Philadelphia looks to track energy use for large commercial buildings

June 11, 2012

Commercial buildings account for roughly 40 percent of the total energy use in the U.S., a number that the government is trying to reduce as more efficient practices are being promoted around the country.

Certain cities are becoming increasingly involved in reducing consumption levels for commercial buildings, including Philadelphia, an area that contains the Department of Energy's innovation Hub for the sector.

The Energy Efficient Buildings Hub (EEB Hub) is an effort that is devoted to design, development and implementation of more efficient building technology and practices. The EEB Hub is looking to transform the retrofit market in the city of Philadelphia, and in doing so is hoping to reduce energy costs and consumptions for structures in the region.

The city council in Philadelphia is also looking to combat the rising level of energy use, as it is examining a bill that would mandate buildings larger than 50,000 square feet to have their energy use tracked, according to Newsworks.

"Building energy-efficiency programs represent one of our best opportunities to achieve cost-effective reductions in emissions and efficiency improvements," Elizabeth Murphy, who works for PECO, a utility company in the city, told the news outlet. She noted that increasing the efficiency of buildings would help everyone, not just the owners of these properties.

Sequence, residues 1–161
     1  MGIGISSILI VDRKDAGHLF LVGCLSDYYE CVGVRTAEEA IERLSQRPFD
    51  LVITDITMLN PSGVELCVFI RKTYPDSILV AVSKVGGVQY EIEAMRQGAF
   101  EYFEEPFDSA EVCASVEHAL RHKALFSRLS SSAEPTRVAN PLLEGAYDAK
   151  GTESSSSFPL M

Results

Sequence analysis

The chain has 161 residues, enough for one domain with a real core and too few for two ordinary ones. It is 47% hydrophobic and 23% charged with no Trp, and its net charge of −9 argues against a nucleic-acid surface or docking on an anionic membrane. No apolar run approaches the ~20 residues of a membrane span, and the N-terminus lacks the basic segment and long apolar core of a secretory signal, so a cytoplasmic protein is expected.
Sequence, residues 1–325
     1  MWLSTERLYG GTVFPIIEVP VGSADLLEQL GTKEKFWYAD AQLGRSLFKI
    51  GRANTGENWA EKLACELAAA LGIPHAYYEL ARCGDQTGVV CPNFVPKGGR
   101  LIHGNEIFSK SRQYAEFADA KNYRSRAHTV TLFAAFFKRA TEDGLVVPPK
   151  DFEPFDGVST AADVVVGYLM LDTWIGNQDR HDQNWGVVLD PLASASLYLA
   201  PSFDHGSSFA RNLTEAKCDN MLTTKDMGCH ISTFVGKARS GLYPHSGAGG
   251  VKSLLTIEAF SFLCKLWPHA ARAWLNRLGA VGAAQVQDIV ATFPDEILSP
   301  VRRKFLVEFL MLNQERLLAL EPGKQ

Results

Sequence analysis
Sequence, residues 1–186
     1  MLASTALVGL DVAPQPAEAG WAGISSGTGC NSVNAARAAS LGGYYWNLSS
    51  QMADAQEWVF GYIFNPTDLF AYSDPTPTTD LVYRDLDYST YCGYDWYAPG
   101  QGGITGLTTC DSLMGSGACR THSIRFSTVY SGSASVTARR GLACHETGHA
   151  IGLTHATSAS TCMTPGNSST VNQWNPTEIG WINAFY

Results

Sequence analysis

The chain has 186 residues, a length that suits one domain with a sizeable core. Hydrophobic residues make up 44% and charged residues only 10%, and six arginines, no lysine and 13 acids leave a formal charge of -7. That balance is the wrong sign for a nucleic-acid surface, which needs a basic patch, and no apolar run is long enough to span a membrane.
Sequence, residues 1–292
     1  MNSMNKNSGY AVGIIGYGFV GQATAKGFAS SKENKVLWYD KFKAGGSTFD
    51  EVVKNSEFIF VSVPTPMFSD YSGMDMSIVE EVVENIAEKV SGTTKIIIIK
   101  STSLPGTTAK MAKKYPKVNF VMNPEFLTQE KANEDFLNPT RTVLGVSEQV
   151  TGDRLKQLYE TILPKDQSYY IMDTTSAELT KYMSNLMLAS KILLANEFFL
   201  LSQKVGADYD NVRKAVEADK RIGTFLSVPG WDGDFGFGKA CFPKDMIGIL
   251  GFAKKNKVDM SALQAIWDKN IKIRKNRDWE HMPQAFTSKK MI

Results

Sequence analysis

Newsworks reported that this move has been supported by some in the industry due to the fact that comparing energy efficiency levels for buildings is the only way to stimulate progress.

"I can liken it to something like a cholesterol test … you can get a cholesterol test that says your cholesterol is 210 but it doesn't mean anything unless you are benchmarking it against some standard," said Paul Spiegel, an energy consultant.

According to the news outlet, many of the city's buildings are more than 30 years old and proponents of the benchmarking bill have noted it would encourage property owners to make upgrades and enact retrofit projects.

These projects to help increase the energy efficiency of buildings come at a time when global investment in renewable energy has reached a new high.

According to Today's Energy Solutions, the total investment in renewables reached a record $257 billion, a 17 percent increase from the year before. China still is outpacing the U.S. in terms of investment, but the gap is closing.